How well do you know your ideal client?
“In case you had illusions to the contrary, no one is sitting around hoping and praying that he will receive your sales letter. When it arrives, it is most likely an unwelcome pest. How do you earn your welcome as a guest?” – Dan Kennedy
Ideal client identification questions.
Kickstart your ideal client identification process by completing this questionnaire. We’ll send your responses to your inbox, along with a critical insight that reveals how you can optimize your content unlike ever before!
Why these questions?
Companies navigating the Startup Stage⌝ of the business lifecycle commonly struggle to clearly define their ideal client. This leads to considerable difficulty building to a Growth Stage. If you’d like some help with this, or other business strategies, reach out.
Questions are based on Dan Kennedy’s “Ultimate Sales Letter”, modified to fit our user’s needs.
Excerpt from a Forbes article by Brandon Dempsey, owner of goBRANDgo!, a Saint Louis, MO-based marketing firm.
During the startup phase, you spend your time meeting people, coming up with new ways to sell your products or services, and consistently implementing new ideas. You are experimenting with messaging. You are vetting your ideas on what an Ideal Client might look like. At this point, you won’t have many processes and you should be tweaking your business model to get a sense of the market and how to turn a profit. Your employees are wearing many hats.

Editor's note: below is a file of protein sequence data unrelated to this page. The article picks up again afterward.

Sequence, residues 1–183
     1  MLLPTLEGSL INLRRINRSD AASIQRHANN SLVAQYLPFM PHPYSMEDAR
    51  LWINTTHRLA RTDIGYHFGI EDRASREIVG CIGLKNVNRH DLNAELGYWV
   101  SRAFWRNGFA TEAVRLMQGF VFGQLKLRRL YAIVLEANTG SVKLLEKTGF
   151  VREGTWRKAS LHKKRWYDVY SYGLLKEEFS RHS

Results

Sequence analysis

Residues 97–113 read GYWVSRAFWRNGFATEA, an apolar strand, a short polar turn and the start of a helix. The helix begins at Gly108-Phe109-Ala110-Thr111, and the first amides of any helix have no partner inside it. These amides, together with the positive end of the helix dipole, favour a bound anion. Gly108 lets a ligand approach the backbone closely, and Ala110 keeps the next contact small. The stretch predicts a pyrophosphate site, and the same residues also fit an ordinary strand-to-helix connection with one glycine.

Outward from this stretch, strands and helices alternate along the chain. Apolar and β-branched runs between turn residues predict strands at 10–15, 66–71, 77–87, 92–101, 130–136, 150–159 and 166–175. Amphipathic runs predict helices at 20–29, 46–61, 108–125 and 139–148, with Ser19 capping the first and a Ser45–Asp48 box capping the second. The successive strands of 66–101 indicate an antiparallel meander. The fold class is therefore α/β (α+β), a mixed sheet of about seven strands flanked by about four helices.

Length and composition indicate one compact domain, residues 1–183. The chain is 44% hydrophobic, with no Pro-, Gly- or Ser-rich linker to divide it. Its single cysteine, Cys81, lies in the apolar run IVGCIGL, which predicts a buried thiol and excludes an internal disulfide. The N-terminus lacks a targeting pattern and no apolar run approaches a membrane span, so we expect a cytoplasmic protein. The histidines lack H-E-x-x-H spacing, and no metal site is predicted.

Although it’s an exciting time, it’s where most businesses fail. Use this time to figure out a business model that allows for sustainable cash flow, consistent growth, and the ability to hire other people to run it.
In the growth phase, your clients should be able to explain your business model to other prospects. Existing client relationships should be maturing past the three- to the four-year mark. Turnover should be decreasing and you should no longer be worried about making payroll and keeping employees.
The growth phase is where your business solidifies its stance in the marketplace. Spend your time on activities that help the company grow and identify what barriers could inhibit your growth. Strengthen your relationships with clients. Invest in your employees and push them to take more ownership of both internal processes and client relationships.
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